Irvine, California Chapter 13 Lawyer

Reorganize Your Consumer Debt in Orange County

You don’t have to lose everything, or even anything, in bankruptcy. One of the main things people fear when they think about filing for bankruptcy is losing their homes, cars, family heirlooms, and other possessions. That may be the case in a Chapter 7 bankruptcy, but there’s another option in Chapter 13 to reorganize your debt without liquidation.

Financial Relief Law Center, APC can help you explore your options in Chapter 13 bankruptcy. Available to individuals and even small business owners, this option can empower debtors to restructure their financial obligations to stop arrears from snowballing out of control and stop a foreclosure. We can help you develop a repayment plan that can help you satisfy your debt for less than it’s worth in three to five years.

For help with a Chapter 13 filing in Orange County, reach out to the Financial Relief Law Center, APC in Orange County. Contact us online or call (949) 570-5466 for assistance and a free consultation!

  • “I was directed to Andrew Warshaw at the Financial Relief Law Center. He was able to negotiate an agreement outside of court which saved me hundreds of thousands of dollars and prevented me from filing Chapter 11.”
    Elijah B.

Do I Have to Pay off All of My Debt in Chapter 13?

One of the biggest draws toward Chapter 13 is that the full value of your debt may not have to be paid off. As long as you fulfill the terms of your repayment plan throughout its duration, you can end up satisfying a significant amount of debt for much less than its value.

That said, not all debt can be reduced, and your creditors will have a chance to provide input on your payment plan before a bankruptcy judge decides to approve it or not. Generally speaking, only unsecured debt such as medical bills, personal loans, and credit card balances can be reduced in Chapter 13.

When it comes to debts secured by collateral, such as a car or home, falling behind on these payments can open you up to collections actions where the repossession of the car or home will satisfy repayment of the loan. If you haven’t fallen behind on secured debt payments, you might not be at risk of losing anything. If you have, filing for Chapter 13 can stop actions like foreclosure to give you a chance to stay current on your payments and catch up on paying off arrears (missed or partial payments).

The Chapter 13 Bankruptcy Process

Chapter 13 may not be the most complex type of bankruptcy, but it’s by no means simple. You should be sure that your Chapter 13 attorney has the experience and skill necessary to understand what to expect and when throughout this complicated process.

In the Beginning…

You will begin by completing some paperwork regarding your bankruptcy and attend pre-filing credit counseling. The latter is a prerequisite to filing, and the purpose is to help you determine if you really need to file for bankruptcy (even if it’s obvious to you that you do). Once this is complete, you will file for Chapter 13.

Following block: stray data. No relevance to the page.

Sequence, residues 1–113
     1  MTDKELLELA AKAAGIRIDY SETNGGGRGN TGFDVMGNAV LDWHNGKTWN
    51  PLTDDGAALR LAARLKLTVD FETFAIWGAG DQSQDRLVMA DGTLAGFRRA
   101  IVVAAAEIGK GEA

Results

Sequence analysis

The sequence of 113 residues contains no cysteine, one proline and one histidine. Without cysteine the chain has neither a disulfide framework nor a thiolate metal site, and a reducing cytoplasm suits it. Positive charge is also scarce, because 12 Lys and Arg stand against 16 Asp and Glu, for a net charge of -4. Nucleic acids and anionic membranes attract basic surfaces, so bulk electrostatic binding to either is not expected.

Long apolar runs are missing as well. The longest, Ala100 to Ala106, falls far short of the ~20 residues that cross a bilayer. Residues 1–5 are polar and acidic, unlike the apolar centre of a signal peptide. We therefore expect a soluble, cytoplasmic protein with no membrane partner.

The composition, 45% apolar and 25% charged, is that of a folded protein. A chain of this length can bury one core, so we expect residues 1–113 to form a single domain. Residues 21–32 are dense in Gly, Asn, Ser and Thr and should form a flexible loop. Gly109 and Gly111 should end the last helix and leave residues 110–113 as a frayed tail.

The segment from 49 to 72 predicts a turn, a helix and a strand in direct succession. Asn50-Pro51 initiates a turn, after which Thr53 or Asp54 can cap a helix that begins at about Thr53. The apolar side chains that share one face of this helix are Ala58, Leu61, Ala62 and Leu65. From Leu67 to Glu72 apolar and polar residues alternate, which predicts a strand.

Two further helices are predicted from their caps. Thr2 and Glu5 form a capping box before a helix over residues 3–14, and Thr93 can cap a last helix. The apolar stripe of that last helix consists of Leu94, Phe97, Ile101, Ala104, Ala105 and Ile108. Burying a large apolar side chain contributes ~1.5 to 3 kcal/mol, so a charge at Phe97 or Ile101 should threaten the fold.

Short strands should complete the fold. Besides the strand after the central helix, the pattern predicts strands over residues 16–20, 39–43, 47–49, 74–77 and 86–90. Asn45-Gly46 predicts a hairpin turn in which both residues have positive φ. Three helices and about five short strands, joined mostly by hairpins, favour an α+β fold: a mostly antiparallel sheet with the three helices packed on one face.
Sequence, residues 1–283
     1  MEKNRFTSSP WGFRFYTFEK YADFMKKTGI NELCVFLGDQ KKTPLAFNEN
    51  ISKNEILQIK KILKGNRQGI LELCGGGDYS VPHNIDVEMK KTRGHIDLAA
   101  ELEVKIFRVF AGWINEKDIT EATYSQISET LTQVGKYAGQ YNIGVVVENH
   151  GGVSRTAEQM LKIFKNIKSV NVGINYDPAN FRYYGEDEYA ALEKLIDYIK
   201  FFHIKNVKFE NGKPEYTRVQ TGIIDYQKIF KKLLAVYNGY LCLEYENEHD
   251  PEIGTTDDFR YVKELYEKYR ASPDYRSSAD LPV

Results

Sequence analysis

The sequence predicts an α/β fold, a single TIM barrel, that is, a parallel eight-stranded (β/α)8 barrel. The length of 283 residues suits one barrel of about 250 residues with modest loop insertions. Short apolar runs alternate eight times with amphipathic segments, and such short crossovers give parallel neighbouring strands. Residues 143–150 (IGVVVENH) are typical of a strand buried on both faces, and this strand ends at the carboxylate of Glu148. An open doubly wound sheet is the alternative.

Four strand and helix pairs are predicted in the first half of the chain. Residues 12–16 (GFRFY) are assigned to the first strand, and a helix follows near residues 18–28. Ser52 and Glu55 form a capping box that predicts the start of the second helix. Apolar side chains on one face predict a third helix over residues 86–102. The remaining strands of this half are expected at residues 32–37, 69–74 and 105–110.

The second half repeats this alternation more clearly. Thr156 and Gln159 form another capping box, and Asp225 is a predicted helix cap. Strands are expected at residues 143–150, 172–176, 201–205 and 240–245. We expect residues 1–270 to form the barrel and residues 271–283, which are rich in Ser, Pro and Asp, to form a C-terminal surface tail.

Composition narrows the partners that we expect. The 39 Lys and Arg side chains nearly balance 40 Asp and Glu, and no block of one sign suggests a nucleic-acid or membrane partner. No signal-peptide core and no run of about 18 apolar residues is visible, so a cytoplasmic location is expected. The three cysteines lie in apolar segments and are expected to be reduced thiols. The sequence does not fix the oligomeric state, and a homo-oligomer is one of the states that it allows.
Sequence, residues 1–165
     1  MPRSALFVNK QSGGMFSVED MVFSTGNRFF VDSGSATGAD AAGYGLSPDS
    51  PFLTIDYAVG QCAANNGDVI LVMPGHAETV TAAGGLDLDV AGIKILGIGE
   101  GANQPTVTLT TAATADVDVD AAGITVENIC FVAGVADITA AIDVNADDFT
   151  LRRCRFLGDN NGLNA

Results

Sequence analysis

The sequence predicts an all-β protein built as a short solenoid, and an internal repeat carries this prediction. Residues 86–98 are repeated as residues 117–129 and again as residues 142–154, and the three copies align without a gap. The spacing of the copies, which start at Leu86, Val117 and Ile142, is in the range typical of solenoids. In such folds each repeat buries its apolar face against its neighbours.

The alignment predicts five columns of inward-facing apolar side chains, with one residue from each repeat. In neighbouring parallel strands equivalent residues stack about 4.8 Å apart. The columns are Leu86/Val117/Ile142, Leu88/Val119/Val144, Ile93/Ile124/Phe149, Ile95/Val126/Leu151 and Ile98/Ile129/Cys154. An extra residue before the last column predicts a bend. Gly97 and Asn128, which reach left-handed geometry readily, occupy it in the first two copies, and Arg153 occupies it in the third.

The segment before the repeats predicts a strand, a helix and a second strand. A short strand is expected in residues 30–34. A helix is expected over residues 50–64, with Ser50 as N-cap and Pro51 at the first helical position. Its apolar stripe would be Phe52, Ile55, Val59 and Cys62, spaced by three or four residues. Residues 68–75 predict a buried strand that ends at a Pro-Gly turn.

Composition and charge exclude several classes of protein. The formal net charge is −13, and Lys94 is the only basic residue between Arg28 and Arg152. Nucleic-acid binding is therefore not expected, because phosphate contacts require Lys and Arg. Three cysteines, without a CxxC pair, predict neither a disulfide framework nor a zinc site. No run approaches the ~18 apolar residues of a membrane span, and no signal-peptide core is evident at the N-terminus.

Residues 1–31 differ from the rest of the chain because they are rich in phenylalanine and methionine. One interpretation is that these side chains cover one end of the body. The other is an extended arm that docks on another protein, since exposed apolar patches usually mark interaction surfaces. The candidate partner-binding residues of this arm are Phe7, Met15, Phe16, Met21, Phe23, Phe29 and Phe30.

At the time of filing, an automatic stay goes into effect. This prevents your creditors from trying to collect on your debt throughout the bankruptcy process. The court will then appoint a third-party trustee who will ultimately be responsible for collecting your payments and redistributing funds to your creditors – but that comes much later in the process.

Once your trustee has been appointed, the court will notify you and your creditors of the following matters:

  • When the meeting with your creditors will take place
  • When your creditors must file their claims
  • Whether or not you filed a repayment plan
  • When the confirmation hearing (when whether or not your repayment plan will be approved by the court) will take place

At this point, your creditors can file written objections to your repayment plan or even support it if they so choose. At least seven days before you meet with your creditors, you will need to provide your most recent tax return and other financial statements to the Chapter 13 trustee.

About 30 days after you file for bankruptcy, you’ll begin to make payments according to the repayment plan you and your Chapter 13 attorney developed. If it is ultimately rejected by the court, your money will be returned to you with some administrative costs taken out.

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What Sets Us Apart?

As attorneys who routinely support consumers in potentially dire financial straits, we are empathetic and compassionate about what these problems mean to our clients. More importantly, we’ve grown to understand how important it is that we only deliver our best possible work so our clients’ chances of getting the best possible outcome are secured.

  1. Free Consultations
  2. Constant Client Communication
  3. Solutions Fit for Your Unique Case
  4. 30+ Years of Combined Legal Experience

A Firm Focused on Personal Attention

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